A little worse for the wear, he's a great reminder of a terrific childhood. And he's something I'd love to pass on should I wind up having my own kids some day. (P.S. Should that happen, I hope they don't terrify me the way other kids too. That would go in the category of Things That Are Not Cool.)
So what about you? What was your favorite toy? Do you still have it? Do you wish you did? Spill....
Monday, July 13, 2009
That's me. And you know what? I just finished a freakin' triathlon. In 2:12:41. Yup. Me.
Me who thought trying to do this would be a way to prove something to myself, to the world. Me who had moments of inspiration. Me who freaked out and worried I wouldn't be strong enough. That I wasn't prepared enough. That I wasn't athletic enough. Or fit enough. Or skinny enough. Or determined enough.
But you know what? I WAS enough. I was tough enough for a half-mile open water swim. And for a 12 mile bike ride with hills, and for a 5k. And it was, quite simply, AWESOME.
I wasn't fast. And I certainly wasn't first. But amazingly, I also wasn't last. And during the whole thing, I was inordinately proud.
Of course, I almost cried twice. Not because I was so tired or exhausted. In fact, truth be told, I feel like I could have pushed myself harder, had my goals been something other than to a) not die; and b) to finish.
I almost cried at the start of my heat when Sally Edwards, a world-record holder in triathlons, waded into the water with us as we stared (OK, squinted) across the lake toward the finish line. And she gave us a pep talk. She said that today was a day that was about was sisterhood, and pushing yourself and being strong.
"When you see a girl struggling, you're going to help her. When you see that she's tired, you going to give her some energy. If someone passes you, you're going to say 'You go, girlfriend!'," she screamed. "Because you are a strong woman!"
And I almost cried again when I crossed the finish line. When I got high fives from the crowd of spectators and from the women who'd finished ahead of me. And when the announcer called my name over the speaker as I was coming into the gate. And when I got to claim my medal for finishing.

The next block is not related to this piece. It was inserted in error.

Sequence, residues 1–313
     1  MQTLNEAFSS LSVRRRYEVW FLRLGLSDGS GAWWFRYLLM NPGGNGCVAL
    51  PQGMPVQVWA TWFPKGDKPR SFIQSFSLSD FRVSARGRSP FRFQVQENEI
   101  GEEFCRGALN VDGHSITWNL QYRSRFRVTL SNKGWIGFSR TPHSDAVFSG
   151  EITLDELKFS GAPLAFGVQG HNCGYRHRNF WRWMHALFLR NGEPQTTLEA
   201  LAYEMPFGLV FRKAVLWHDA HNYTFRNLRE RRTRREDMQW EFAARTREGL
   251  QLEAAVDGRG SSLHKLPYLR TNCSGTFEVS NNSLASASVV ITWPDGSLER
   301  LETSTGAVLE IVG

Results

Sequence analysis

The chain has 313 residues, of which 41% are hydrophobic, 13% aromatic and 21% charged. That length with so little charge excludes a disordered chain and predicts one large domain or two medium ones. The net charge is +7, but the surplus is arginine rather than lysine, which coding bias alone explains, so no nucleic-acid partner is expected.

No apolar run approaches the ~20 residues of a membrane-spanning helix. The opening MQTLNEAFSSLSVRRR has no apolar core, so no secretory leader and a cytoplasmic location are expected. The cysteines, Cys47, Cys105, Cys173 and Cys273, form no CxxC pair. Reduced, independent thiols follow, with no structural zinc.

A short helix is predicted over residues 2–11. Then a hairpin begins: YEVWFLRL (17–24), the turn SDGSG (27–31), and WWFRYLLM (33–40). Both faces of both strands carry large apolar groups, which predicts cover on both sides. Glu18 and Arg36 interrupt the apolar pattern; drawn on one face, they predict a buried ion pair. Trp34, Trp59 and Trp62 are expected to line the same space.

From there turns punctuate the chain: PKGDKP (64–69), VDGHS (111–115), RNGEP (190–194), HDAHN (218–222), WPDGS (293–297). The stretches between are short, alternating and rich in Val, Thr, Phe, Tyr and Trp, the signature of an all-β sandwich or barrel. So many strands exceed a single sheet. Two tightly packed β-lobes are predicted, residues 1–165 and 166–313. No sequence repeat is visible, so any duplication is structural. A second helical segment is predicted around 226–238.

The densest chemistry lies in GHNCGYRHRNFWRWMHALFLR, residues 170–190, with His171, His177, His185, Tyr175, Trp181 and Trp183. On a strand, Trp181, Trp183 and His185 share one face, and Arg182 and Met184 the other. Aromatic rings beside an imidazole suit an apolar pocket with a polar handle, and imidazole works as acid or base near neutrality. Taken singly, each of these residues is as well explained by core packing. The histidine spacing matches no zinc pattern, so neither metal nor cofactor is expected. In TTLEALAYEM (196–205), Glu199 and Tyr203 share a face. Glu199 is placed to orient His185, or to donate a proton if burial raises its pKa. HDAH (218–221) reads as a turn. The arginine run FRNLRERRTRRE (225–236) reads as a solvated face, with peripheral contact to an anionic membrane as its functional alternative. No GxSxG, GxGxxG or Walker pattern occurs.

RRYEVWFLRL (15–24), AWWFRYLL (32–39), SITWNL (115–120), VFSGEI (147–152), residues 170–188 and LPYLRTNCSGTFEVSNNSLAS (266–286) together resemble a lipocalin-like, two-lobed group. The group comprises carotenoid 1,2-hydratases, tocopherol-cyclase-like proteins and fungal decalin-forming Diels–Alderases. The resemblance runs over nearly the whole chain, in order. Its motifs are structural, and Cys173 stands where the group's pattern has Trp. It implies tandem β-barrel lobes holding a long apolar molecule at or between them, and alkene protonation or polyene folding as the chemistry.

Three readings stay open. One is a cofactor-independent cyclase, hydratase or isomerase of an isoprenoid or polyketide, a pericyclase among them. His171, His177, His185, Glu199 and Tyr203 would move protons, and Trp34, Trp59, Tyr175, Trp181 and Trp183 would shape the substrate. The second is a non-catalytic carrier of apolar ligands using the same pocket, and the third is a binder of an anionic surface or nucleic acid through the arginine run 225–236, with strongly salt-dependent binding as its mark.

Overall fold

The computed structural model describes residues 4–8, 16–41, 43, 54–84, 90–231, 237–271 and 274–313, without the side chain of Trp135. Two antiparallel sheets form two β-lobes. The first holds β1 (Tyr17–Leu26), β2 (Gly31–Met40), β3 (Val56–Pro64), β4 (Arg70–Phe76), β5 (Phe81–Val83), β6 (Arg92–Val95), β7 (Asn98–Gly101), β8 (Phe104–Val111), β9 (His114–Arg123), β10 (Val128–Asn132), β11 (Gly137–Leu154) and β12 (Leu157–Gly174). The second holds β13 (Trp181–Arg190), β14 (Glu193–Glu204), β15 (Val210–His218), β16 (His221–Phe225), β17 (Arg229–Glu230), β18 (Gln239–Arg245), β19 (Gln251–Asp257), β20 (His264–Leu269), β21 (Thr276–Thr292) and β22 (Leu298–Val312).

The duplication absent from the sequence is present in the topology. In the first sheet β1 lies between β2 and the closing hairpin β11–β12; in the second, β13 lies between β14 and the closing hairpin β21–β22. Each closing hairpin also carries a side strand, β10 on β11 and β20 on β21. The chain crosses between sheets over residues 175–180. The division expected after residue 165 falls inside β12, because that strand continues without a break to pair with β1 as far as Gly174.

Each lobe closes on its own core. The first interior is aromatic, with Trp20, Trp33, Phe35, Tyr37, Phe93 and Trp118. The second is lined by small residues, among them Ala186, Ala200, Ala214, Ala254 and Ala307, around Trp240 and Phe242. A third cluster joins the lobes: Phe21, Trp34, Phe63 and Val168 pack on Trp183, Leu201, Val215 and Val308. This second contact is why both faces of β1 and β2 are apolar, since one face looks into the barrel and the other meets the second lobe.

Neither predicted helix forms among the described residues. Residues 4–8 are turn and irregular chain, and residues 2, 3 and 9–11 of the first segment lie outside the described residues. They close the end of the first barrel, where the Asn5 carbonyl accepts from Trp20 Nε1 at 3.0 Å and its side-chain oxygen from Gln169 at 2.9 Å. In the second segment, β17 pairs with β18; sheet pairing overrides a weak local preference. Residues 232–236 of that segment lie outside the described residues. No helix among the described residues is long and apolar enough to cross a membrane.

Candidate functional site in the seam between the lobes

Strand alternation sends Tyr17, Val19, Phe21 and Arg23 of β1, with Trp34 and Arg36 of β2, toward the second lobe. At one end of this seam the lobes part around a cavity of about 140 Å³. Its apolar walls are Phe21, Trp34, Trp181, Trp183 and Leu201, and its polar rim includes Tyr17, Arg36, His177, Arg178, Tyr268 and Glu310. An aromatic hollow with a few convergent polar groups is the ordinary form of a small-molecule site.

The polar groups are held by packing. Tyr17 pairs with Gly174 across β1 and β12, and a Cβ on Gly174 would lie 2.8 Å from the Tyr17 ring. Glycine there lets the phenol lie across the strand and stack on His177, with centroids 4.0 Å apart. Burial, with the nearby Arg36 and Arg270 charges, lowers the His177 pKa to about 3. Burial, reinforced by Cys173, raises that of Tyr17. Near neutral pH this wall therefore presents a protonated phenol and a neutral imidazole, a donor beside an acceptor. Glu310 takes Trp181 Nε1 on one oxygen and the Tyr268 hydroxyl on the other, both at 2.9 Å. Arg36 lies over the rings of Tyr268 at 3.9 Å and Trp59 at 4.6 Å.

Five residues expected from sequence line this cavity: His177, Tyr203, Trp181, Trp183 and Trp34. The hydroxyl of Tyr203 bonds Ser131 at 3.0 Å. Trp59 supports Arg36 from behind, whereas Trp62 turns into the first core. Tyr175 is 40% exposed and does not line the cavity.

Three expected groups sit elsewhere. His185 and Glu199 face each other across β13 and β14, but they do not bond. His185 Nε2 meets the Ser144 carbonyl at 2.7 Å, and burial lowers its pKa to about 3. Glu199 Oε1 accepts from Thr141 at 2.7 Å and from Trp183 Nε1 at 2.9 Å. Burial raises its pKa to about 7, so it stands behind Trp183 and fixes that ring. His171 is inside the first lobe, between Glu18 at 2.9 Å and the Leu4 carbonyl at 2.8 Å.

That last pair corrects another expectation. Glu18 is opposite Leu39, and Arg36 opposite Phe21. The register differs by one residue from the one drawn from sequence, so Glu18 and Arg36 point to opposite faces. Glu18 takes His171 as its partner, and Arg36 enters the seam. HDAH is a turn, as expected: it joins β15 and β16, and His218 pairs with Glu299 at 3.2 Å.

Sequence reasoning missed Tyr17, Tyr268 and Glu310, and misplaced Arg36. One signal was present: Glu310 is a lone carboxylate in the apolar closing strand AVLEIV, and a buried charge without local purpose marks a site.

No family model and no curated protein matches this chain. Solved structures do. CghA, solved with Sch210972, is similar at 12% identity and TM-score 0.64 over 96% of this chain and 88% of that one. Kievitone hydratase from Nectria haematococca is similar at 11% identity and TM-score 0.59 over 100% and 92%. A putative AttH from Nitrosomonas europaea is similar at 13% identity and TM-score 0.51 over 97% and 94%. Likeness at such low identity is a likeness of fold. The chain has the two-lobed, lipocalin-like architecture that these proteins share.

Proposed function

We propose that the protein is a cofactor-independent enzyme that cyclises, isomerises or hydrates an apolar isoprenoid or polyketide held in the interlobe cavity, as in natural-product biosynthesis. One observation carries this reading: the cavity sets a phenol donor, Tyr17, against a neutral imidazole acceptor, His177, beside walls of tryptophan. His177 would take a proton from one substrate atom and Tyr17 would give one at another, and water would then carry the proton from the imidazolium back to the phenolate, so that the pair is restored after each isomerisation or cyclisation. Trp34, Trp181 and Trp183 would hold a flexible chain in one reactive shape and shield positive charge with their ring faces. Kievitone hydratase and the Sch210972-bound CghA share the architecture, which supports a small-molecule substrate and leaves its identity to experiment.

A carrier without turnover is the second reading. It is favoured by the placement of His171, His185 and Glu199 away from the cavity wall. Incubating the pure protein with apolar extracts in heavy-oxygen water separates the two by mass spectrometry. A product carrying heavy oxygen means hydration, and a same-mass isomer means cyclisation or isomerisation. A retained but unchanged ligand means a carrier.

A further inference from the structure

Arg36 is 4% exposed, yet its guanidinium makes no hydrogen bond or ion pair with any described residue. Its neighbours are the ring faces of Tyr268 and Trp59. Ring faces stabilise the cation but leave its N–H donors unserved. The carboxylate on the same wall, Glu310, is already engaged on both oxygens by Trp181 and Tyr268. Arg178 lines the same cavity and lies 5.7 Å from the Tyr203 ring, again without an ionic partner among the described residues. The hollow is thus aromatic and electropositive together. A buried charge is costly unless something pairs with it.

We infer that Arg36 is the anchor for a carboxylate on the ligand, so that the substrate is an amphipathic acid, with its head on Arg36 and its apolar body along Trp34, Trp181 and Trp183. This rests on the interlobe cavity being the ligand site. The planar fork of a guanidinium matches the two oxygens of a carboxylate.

Writing it now, I'm still getting teary-eyed.
It all started before the sun rose, when we pulled into the parking lot at 5:30 a.m. It was cold. And I was terrified. We tied a balloon to the bike rack and got our stuff set up. We'd even made sure to leave the chalk messages on the ground to help us find our way.
We walked to the beach to eat breakfast and watch the elite women start just before 7 a.m. At 8:08 a.m., I was the one standing on the beach with my heat of 100-or-so girls, listening to the crowd count down to our start.
Oh my God.
I stuck toward the back of pack, hoping to avoid the thrashing and kicking. And got into an easy pace doing breast stroke. I actually surprised myself when I realized how far I'd gone, and how I wasn't even tired. I wasn't gasping for air. And I hadn't needed to stop, or even turn on my back to catch my breath and calm down. A swimmer named Jessica was on my shoulder and we actually chatted a bit during the swim. (Yes. I'm the ONLY person who would have a conversation with a stranger in the middle of a half mile swim across a big-ass lake.)
Sure, people passed me. OK, a lot of people passed me. But I passed a lot of people too.
From there, it was into the transition area to get ready for the bike. I was in the 19th heat to go out so by the time I got to the holding area, some women were done the bike ride (The super speedy elite athletes were done the whole race) but everyone was cheering and shouting. I cheered and shouted back as I rinsed the sand off my feet, put on my socks and shoes, t-shirt and helmet and then headed out.